The Swiss National Bank (SNB) is maintaining its expansionary monetary policy, thereby stabilising price developments and supporting economic activity. Interest on sight deposits at the SNB remains at –0.75% and the target range or the three-month Libor is unchanged at between –1.25% and –0.25%.
“The situation on the foreign exchange market is still fragile,” the central bank said, adding that it’s current policy remains “essential” to ease pressure on the currency.
Currency-market interventions have been part of the SNB’s toolkit for roughly a decade, and it’s supplemented them with a charge on sight deposits to keep interest rates in Switzerland below those of the euro area. The stronger the franc, the greater the risk of deflation and the export-oriented economy suffering a slowdown.
For 2018, the SNB continues to anticipate inflation of 0.9%, while the inflation forecast of 0.8% for 2019 is 0.1 percentage points lower than projected at the last assessment. For 2020, the SNB expects to see inflation of 1.2%, compared with the 1.6% forecast in the last quarter.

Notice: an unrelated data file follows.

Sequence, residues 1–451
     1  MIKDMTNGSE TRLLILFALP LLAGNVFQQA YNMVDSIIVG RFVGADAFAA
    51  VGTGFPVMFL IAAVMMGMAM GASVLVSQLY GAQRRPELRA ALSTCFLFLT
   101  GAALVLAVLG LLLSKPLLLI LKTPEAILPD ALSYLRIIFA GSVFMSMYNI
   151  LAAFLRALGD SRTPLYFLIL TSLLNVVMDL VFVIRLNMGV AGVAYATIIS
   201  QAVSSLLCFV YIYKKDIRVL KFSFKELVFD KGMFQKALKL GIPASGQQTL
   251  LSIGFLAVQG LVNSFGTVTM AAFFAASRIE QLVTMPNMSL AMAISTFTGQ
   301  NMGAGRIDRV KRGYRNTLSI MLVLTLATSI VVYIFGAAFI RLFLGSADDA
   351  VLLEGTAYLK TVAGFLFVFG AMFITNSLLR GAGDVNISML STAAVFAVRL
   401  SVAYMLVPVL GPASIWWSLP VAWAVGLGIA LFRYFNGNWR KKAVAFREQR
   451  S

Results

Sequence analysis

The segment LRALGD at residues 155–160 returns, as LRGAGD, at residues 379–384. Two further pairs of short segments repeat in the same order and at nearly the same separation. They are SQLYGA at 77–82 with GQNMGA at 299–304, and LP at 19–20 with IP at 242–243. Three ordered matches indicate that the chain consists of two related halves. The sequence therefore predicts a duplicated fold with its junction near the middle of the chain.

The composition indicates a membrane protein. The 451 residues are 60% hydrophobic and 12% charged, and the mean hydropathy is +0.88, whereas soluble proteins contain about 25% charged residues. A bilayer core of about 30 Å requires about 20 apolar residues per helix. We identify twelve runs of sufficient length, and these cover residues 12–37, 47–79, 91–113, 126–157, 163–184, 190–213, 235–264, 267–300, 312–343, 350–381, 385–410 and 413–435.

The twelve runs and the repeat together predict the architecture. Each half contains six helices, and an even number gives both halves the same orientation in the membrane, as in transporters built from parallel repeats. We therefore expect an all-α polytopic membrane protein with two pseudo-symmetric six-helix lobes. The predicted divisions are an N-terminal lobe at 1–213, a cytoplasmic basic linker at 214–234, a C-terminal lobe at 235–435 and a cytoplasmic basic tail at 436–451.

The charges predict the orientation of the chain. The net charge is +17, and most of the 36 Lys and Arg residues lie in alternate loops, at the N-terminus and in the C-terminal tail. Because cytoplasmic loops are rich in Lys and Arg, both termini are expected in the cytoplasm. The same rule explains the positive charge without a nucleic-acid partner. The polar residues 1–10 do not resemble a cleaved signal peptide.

Even with the franc’s strength, the Swiss economy is booming, as the government acknowledged earlier this week. The SNB raised its 2018 GDP forecast to between 2.5 percent and 3 percent, compared with around 2 percent in June. The stronger growth forecast is attributable to the upward revision for the previous quarters.
But both the central bank and the government also cited the risk of a stronger currency smothering growth. Risks include a fallout from Italy’s budget, turmoil in emerging markets, and a worsening of the U.S.-China trade war.